- WWII operations
- RAN Ships
- HMAS Arunta I, HMAS Warrego I, HMAS Gascoyne I, HMAS Australia II, HMAS Warramunga II
- June 1993 edition of the Naval Historical Review (all rights reserved)
On the 7th the tow parted on the forecastle of the BROOKS and the final tow to the shoal waters off Santiago Island was completed by GASCOYNE. Leaving 12 men and the Captain on board BROOKS, WARRAMUNGA took off all the others and proceeded at 25 knots down the Gulf to meet up with USS PENNSYLVANIA to transfer them and the wounded. She approached PENNSYLVANIA at 1555, who was doing a bombardment of Lingayen town. She was cleared to come alongside, going slowly towards the port quarter. Through some sort of misunderstanding, she continued to bombard, opening up with a broadside. She came back on WARRAMUNGA, punching a hole about 5 feet below the upper deck on the bow. WARRAMUNGA backed off and prepared to transfer the crew by her motor boat. This proved very slow and at 1722 the last load for the day got away. She rejoined the minesweepers and was attacked again by the enemy. Luckily no hits were scored and action stations were secured at 1942. Again the crew had been closed up for over 10 hours. On the 8th the remainder of the BROOK’S crew were transferred to PENNSYLVANIA and was completed at 1022. Several planes attacked during the day and she once again managed to avoid any damage.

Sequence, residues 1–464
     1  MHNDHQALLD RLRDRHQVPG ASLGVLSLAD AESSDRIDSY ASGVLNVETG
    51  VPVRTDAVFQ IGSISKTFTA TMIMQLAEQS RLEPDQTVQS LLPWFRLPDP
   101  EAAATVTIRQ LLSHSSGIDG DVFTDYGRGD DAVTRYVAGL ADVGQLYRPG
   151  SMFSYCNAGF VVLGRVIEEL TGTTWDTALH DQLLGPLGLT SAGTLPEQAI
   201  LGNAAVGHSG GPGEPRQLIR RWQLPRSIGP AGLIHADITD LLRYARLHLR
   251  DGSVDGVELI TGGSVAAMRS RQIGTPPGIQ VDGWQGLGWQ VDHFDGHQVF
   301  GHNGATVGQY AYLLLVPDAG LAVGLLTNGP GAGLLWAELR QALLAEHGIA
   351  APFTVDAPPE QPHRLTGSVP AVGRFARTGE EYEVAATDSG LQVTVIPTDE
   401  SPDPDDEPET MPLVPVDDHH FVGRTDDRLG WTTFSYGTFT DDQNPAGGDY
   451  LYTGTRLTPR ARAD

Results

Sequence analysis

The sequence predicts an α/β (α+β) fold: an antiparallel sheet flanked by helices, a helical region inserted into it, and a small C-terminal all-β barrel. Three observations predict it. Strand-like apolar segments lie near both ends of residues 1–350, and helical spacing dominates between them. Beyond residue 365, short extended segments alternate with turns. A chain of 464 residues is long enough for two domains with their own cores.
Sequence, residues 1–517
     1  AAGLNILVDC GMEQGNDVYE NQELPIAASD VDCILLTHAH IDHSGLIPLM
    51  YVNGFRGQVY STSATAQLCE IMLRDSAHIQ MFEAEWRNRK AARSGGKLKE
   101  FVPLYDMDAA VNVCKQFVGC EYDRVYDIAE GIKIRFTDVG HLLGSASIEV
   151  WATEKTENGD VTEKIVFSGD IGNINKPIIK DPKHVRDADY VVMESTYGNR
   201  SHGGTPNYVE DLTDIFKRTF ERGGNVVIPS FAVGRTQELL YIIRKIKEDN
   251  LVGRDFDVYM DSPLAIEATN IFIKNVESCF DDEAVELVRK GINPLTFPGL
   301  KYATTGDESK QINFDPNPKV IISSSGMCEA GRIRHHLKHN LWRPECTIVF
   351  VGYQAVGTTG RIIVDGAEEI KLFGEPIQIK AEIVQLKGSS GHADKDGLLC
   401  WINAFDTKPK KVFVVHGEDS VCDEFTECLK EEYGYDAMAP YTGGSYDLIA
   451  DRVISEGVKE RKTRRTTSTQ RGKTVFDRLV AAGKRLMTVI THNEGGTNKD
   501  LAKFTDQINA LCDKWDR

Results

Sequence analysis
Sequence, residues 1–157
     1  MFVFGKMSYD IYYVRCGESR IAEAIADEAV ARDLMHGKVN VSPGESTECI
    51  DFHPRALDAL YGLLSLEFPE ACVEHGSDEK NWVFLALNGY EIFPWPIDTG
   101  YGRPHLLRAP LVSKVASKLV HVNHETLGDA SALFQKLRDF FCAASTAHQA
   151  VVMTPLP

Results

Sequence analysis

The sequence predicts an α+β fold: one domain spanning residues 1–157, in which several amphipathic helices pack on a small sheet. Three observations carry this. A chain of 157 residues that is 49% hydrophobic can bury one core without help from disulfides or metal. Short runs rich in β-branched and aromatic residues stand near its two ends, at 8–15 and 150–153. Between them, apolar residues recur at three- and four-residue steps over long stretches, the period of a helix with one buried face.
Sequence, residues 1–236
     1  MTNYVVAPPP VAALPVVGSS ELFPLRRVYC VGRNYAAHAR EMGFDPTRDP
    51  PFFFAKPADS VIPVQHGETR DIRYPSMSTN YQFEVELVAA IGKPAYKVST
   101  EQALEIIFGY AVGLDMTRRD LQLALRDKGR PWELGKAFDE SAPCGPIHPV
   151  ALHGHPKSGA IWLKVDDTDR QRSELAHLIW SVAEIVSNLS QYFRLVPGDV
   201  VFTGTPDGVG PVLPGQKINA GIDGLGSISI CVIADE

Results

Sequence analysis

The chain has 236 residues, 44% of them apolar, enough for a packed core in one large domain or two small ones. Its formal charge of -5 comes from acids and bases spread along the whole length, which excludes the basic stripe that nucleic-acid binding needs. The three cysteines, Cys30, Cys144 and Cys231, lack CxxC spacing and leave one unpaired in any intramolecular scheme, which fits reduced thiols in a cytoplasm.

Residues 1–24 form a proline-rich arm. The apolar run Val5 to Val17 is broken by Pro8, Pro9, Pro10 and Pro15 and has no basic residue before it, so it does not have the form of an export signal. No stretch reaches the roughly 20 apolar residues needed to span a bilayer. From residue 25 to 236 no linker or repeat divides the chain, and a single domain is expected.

The actual landings were commenced on the 9th and WARRAMUNGA was allocated the area in San Fabian and Lingayen proper to give fire support to troops, who landed at 0929. There was little resistance and the Army recorded that ‘Devastation caused by the Naval gunfire was indescribable”. By 1200 San Fabian had been secured and Lingayen by 1700.
On the 10th it was reported that suicide swimmers were active in the Gulf. They carried haversacks filled with gelignite and floated with the tide, under provision cases and other such rubbish, hoping to get close to any ship and activate the explosive. Damage caused by these swimmers was very minimal but the reaction from vessels in the Gulf was to say the least “Alarming”. On the transports anyone who could fire a gun was firing at objects in the water, bullets were whining everywhere but the attack force commander soon put an end to it with a brief and sharply worded signal.
WARRAMUNGA stayed in the area for several more weeks to continue patrols, bombardments and routine jobs. She finally left Lingayen Gulf area on the 28th February and the officers and crew were not sorry to see the last of it. It had been a torrid time and she was lucky to escape with only a friendly nudge from PENNSYLVANIA